Essay: Shakespeare's Sonnets 18, 73, 97

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[. . .] He continues to explain this analogy by comparing himself to dying embers -- "In me thou sees't the glowing of such fire/That on the ashes of his youth doth lie,/As the death-bed whereon it must expire,/Consum'd with that which it was nourish'd by" -- and explains that it is the fear created by his now limited time on earth that compels the woman he loves to love him more because it will not be long before he succumbs to the inevitable, and "This thou perceivest, which makes they love more strong,/To love that well which though must leave ere long" (9-12; 13-14). By commenting on his impending death, and how it mirrors the transition from autumn into winter, the narrator not only contends that he should make the most of the time he has left, but he simultaneously urges his readers to appreciate nature more because even though the leaves on the tree will return in the spring and summer, they will never be the same as they are at that exact moment.

In Sonnet 97, "How like a winter hath my absence been," seasonal symbolism is used to illustrate narrator's emotional state. In the first quatrain, Shakespeare uses the emptiness and cold associated with winter to describe the emptiness he feels when he is away from his lover. He writes, "How like a winter hath my absence been/From thee, the pleasure of the fleeting year!/What freezings have I felt, what dark days seen!/What old December's bareness every where" (1-4). The narrator then proceeds to establish that although he feels the coldness of winter in his heart, it is not actually winter, but "yet this time removed was summer's time/The teeming autumn, big with rich increase,/Bearing the wanton burden of the prime,/Like widow'd wombs after their lord's decease," which not only indicates the time of year but also establishes that the world around him was lush and full of life, which although he recognizes, he does not feel (5-8). He continues to lament that even though the world around him is bright and full of life, it appears muted and dull to him because she is not there to share it with him. He explains that "the very birds are mute:/Or, if they sing, 'tis with so dull a cheer,/That leaves look pale, dreading the winter's near" (12-14). The narrator maintains that as long as his lover is away, he will not be able to feel anything besides the cold emptiness of winter in his heart.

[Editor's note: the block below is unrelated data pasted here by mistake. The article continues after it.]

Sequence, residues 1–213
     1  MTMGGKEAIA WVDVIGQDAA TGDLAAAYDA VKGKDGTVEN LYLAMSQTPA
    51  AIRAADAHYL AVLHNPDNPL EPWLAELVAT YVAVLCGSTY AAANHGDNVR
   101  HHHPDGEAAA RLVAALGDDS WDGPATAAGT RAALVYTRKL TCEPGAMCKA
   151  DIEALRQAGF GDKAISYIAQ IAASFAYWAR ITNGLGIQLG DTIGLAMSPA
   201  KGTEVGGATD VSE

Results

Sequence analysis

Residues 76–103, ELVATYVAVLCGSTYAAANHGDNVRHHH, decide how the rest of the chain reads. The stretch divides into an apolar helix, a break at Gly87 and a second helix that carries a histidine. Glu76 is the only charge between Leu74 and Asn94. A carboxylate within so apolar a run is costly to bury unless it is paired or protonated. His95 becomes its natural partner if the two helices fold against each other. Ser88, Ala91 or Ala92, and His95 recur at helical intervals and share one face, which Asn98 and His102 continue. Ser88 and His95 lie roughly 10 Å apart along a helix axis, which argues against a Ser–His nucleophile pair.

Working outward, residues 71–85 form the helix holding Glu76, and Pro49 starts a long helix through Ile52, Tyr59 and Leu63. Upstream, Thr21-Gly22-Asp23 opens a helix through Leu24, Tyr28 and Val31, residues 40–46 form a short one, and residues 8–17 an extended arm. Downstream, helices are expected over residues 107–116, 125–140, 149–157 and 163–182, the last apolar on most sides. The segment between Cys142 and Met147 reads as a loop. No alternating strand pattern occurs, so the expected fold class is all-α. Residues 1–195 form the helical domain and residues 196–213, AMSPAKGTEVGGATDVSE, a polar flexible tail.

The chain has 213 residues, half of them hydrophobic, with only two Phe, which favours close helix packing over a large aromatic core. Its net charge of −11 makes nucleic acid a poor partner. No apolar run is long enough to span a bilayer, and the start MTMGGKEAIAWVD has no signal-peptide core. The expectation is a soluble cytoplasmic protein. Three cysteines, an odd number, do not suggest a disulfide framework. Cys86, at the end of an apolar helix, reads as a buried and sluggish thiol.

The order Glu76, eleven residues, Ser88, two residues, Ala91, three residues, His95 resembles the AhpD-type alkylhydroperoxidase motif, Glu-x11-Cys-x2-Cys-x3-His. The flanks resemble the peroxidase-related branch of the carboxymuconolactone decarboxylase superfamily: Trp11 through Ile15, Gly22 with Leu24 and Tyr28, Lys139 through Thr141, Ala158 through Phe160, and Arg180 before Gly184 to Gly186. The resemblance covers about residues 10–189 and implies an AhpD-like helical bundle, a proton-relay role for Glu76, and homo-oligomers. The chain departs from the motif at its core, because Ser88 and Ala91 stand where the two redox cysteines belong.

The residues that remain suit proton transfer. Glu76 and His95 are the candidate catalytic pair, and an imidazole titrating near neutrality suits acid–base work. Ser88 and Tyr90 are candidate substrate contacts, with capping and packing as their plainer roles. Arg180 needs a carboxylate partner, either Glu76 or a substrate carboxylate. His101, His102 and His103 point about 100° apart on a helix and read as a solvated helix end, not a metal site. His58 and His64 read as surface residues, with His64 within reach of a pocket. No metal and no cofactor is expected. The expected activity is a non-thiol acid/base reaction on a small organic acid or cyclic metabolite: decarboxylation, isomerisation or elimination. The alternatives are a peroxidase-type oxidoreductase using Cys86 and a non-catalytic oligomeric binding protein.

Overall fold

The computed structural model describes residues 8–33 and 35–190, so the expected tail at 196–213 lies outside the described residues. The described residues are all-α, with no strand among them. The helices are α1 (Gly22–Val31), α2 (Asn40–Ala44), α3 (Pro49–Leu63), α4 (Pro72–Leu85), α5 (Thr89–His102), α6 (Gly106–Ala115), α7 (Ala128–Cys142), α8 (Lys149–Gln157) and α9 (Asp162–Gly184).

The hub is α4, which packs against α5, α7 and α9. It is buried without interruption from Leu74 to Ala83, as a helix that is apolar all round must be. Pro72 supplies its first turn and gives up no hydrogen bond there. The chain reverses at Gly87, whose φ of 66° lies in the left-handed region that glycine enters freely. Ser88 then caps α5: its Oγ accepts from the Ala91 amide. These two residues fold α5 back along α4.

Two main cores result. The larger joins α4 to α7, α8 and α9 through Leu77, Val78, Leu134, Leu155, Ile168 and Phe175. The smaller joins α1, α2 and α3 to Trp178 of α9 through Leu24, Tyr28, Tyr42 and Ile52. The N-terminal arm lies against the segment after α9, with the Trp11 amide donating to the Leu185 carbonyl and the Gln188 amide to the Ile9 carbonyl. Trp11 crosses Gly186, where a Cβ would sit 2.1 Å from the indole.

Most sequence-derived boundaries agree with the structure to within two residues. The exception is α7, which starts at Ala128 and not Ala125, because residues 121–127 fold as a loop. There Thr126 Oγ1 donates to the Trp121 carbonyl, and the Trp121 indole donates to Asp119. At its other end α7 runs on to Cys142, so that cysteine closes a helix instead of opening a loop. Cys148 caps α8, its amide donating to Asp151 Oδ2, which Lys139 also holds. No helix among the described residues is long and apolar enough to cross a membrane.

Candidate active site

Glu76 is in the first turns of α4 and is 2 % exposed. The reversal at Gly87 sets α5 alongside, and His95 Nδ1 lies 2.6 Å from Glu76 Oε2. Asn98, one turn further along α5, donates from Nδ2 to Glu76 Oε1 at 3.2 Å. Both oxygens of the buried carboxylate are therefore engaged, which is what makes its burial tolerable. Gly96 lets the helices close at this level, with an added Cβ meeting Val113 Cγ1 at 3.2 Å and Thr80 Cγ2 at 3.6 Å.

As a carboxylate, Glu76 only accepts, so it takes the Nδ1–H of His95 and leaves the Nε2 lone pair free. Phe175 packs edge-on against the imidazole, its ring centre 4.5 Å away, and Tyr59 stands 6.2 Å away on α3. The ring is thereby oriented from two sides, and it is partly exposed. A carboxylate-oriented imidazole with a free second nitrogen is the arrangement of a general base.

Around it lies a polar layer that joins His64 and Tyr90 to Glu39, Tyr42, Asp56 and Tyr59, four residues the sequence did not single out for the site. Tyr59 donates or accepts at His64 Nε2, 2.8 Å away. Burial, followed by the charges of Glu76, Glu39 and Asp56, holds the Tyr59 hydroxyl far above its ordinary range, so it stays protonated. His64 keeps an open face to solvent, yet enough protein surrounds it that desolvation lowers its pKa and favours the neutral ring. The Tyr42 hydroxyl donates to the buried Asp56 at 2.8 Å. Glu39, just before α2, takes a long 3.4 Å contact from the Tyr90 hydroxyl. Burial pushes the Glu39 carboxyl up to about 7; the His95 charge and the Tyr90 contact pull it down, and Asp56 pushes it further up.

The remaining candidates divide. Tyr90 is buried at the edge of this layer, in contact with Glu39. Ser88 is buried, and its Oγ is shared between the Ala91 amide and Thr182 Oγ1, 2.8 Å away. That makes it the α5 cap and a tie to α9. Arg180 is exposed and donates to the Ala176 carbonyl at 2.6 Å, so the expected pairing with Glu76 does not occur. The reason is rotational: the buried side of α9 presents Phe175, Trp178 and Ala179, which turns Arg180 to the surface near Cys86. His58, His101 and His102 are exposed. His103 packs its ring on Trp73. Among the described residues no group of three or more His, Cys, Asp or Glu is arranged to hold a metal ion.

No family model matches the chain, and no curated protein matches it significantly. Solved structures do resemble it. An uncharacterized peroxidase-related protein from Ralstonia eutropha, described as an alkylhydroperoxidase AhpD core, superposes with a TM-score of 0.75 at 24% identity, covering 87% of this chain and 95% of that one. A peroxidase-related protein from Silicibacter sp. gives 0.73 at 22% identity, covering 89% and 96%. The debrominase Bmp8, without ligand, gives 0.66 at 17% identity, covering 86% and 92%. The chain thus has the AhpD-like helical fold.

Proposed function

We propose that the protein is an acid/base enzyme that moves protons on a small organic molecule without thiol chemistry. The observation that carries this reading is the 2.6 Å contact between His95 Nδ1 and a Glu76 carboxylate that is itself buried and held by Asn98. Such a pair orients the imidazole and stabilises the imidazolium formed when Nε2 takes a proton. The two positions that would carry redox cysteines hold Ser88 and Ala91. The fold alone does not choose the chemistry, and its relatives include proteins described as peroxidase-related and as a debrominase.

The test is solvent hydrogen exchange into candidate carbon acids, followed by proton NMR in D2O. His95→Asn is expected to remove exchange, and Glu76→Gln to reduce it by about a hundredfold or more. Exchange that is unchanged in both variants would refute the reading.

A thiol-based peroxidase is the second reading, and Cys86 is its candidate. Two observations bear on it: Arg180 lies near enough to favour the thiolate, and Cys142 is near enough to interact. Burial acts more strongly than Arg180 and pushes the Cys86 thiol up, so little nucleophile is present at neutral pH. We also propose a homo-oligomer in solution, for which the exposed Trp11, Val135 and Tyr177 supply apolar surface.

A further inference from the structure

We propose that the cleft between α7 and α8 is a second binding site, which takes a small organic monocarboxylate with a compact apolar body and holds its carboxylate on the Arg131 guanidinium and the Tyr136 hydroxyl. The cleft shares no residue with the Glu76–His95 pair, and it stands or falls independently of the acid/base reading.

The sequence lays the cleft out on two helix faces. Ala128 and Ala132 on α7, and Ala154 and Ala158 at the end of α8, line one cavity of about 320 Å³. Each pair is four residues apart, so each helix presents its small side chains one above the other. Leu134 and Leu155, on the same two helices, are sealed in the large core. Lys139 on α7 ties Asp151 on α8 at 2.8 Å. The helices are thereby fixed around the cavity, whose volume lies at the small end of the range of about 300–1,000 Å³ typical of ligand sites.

Through seasonal symbolism, Shakespeare is able to illustrate his interpretations of beauty, mark the passage of time, and lament being away from the woman he loves. Shakespeare's use of seasonal symbolism allows him to describe what he sees and feels in a manner that others can relate to, thus making his poetry more accessible and understandable.

Works Cited

Shakespeare, William. "Sonnet 18." Web. 17 April 2013.

-. "Sonnet 73." Web. 17 April 2013.

-. "Sonnet 97." Web. 17 April 2013. [END OF PREVIEW]

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Shakespeare's Sonnets 18, 73, 97.  (2013, April 18).  Retrieved December 9, 2019, from https://www.essaytown.com/subjects/paper/shakespeare-sonnets-18-73-97/8862072

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"Shakespeare's Sonnets 18, 73, 97."  Essaytown.com.  April 18, 2013.  Accessed December 9, 2019.
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